Valentine’s day and a sense of deprivation

Every time I go to the grocery store I feel like I am being assaulted with red and pink.  First the lovely flowers, then the bakery with every kind of confection imaginable.  Now I mostly shop the perimeter but sometimes I have to make a foray into the cereal and bread aisle and all kinds of horrors await.  Last week I had to pick up some milk all the way on the other end of the store.  To get there you know I had to walk by the massive “seasonal” aisle.  Yes, that one.  The one that is decorated for whatever holiday is coming next.  As I started to walk by I paused and had an epiphany.  This time of year is usually when my diet would get derailed and I was starting to understand why.  Here I was, without any intentions of buying anything remotely sweet, staring at the mega aisle like it was my long-lost cousin.  In that moment I couldn’t imagine not getting a heart shaped peanut butter cup with way more than the usual peanut butter to chocolate ratio.  I mean it was going to be a whole year before this opportunity would come again.  I’d better get it while I could.  This sense of scarcity drives so much of what we (I) do.  Birthdays only come once a year, right?  Well, mine does but so does my husband’s, my children’s, my parents’, my besties’.  Add it all up and I’m celebrating more than 2 birthdays a month.  That my friends is not the definition of scarce.  The seasonal holidays obviously play on this as well.  In the past there were treats we could only get once a year.  King Cakes (from Gambino’s in New Orleans) for Mardi Gras, Cadbury eggs for Easter, Boo Berry cereal for Halloween.  Don’t get me started on Christmas.  I wait all year for this box of goodies that my Aunt Judy makes.  Seriously.  But here is the deal:  Everything,  other than my Aunt Judy’s cookies, is not scarce.  I’ve ordered a King Cake in July.  Cadbury eggs now come in vampire form.  And folks, I have the secret cookie recipe.  Nothing now is truly scarce.  So when that little idea pops into your head that “I’ve got to have this because I won’t get to eat it for……………………months”, I want you to stop and put a big question mark in your brain.  Like a cartoon question mark in a bubble above your head.  If you can come up with one way you can get this particular item, outside this particular time, then question yourself about your thoughts on scarcity.  Going soon, almost gone, 4 more days until Christmas, only 2 pieces left.  QUESTION, QUESTION, QUESTION!  Because if feelings of scarcity are driving your actions, you can challenge your own beliefs and make a rational decision based on a new thought.  This isn’t scarce because I can order it online.  This isn’t scarce because I can have a peanut butter cup anytime of the year.  This isn’t scarce because I DON’T EVEN LIKE BOO BERRY CEREAL.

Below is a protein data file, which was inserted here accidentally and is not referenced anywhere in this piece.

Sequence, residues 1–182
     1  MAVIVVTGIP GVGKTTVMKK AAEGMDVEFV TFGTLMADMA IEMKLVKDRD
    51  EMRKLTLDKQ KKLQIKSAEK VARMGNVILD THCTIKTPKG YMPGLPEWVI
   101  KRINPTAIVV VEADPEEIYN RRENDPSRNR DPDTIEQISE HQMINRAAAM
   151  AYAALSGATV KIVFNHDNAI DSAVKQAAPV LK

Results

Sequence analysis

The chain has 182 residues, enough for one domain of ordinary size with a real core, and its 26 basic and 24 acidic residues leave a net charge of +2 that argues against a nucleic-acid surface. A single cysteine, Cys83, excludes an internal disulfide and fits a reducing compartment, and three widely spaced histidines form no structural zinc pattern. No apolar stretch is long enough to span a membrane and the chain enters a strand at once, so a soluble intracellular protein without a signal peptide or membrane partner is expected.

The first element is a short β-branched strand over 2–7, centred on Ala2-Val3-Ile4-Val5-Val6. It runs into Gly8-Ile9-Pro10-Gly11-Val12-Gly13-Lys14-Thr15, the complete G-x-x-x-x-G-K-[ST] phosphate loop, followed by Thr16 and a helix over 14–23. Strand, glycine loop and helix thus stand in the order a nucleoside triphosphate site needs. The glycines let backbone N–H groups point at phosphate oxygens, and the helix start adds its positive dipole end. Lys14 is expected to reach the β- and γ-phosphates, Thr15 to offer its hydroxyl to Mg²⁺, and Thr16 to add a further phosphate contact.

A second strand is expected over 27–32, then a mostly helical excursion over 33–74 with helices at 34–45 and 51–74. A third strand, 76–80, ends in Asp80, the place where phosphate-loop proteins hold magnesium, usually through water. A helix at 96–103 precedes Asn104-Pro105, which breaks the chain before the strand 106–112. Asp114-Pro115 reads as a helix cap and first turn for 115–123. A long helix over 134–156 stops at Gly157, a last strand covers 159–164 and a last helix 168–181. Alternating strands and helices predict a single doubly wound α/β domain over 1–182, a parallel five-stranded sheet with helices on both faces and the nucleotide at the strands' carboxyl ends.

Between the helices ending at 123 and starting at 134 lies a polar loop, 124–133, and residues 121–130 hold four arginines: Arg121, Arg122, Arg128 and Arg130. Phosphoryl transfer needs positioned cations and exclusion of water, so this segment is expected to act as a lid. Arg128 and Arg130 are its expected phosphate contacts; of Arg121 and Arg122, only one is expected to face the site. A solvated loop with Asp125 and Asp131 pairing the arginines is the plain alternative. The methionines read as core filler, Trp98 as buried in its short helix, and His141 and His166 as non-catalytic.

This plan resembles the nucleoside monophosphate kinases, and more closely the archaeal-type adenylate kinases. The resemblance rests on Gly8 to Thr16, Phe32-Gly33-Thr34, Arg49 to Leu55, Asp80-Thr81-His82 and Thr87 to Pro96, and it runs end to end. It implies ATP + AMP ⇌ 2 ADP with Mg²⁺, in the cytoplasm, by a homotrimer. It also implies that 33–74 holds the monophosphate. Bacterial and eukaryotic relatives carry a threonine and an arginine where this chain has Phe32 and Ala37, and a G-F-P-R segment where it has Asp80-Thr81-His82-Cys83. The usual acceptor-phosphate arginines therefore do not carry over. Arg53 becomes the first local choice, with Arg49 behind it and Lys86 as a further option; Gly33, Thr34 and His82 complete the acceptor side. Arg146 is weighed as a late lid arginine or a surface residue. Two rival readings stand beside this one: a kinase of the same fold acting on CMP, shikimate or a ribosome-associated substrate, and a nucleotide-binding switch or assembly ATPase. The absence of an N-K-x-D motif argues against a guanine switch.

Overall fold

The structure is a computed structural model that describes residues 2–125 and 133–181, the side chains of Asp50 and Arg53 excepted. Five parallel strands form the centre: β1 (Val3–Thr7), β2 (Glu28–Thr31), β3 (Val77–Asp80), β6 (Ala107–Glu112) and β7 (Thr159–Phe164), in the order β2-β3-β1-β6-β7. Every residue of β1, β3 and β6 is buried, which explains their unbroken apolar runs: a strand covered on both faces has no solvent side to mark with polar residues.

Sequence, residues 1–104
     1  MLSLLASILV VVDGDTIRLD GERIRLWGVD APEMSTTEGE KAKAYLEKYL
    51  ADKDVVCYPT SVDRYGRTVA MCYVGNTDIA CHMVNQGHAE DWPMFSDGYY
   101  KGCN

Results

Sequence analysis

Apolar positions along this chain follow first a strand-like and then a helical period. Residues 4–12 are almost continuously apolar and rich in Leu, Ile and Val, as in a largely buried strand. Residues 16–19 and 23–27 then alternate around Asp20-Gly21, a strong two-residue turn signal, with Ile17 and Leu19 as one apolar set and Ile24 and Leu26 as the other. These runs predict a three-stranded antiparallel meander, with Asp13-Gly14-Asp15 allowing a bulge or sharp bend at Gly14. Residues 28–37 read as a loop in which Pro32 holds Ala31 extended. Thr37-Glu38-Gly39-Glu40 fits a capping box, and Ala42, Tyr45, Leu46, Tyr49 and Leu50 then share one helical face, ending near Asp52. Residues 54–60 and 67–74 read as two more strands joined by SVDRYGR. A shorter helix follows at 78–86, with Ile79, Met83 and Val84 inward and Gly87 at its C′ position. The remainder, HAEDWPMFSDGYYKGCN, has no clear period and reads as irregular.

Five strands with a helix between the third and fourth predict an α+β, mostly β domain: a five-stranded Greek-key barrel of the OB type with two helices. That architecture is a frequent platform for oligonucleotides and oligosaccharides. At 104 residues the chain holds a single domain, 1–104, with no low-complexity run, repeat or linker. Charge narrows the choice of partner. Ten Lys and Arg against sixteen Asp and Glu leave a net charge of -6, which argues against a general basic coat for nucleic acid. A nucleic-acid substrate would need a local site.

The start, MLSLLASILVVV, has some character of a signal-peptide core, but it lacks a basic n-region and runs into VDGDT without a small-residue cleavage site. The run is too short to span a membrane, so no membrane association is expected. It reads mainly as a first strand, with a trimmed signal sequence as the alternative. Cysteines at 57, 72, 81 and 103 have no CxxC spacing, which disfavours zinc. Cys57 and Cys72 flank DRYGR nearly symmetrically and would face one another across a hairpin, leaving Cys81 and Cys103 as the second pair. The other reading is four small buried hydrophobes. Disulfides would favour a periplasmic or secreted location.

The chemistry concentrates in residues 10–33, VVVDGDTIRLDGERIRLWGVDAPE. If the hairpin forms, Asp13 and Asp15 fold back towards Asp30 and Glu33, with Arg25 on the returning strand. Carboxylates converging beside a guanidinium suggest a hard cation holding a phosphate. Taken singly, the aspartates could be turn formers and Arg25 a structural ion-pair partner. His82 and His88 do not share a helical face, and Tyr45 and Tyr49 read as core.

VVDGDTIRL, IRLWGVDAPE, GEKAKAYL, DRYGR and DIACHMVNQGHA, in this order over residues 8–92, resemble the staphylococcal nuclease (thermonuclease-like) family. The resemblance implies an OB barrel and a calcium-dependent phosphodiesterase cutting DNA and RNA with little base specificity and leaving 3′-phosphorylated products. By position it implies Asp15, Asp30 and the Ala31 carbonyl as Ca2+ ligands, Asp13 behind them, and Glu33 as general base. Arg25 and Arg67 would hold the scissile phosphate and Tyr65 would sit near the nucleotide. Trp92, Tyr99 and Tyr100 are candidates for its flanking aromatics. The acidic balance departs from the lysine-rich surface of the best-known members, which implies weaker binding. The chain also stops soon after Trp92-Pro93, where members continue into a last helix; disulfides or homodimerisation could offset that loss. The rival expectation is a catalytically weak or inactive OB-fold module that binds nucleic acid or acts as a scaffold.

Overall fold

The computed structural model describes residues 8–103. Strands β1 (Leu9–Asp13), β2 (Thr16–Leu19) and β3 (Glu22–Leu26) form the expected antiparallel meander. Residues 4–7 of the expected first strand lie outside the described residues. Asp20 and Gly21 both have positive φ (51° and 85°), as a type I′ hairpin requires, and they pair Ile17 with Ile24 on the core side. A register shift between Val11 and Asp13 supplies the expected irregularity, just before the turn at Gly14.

Sometimes, mental scarcity goes hand in hand with feelings of deprivation.  Have you ever gone to a party and felt like everyone else was eating but you weren’t allowed because you were dieting?  It’s not a pleasant feeling and leads to over desire which never gets us what we want.  You spend all evening trying not to eat the off-limit foods and forget why you came to the party in the first place.  If you add social anxiety to the mix it’s no wonder we go off the rails and eat ALL THE FOOD.  Now I am one of those people that once I start eating sweets I never want to stop.   February, the month of Galentine’s Day (what the heck is that?) and don’t forget the Superbowl, was always ripe with opportunities for me to indulge.  Once I started to become aware of my pattern, I was able to step back and look at this behavior critically.  Are celebrations really about food or are they about enjoying the company of people you care about? We,(THEY) have conditioned ourselves to make the celebrations about food.

 If the world ended tomorrow would you rather have had that last piece of cake or a few moments more with your family?  True deprivation for me would be the loss of relationships but in the moment, food may seem like the answer to feeling left out.  This work is some of the most important that my clients and I do.  So the next time you are faced with the impossible red and pink mega aisle and you find yourself feeling deprived, ask yourself is this really true?  Will you be missing anything important by not eating a particular food?  I think you will find that you can march on by and go straight to the milk. 


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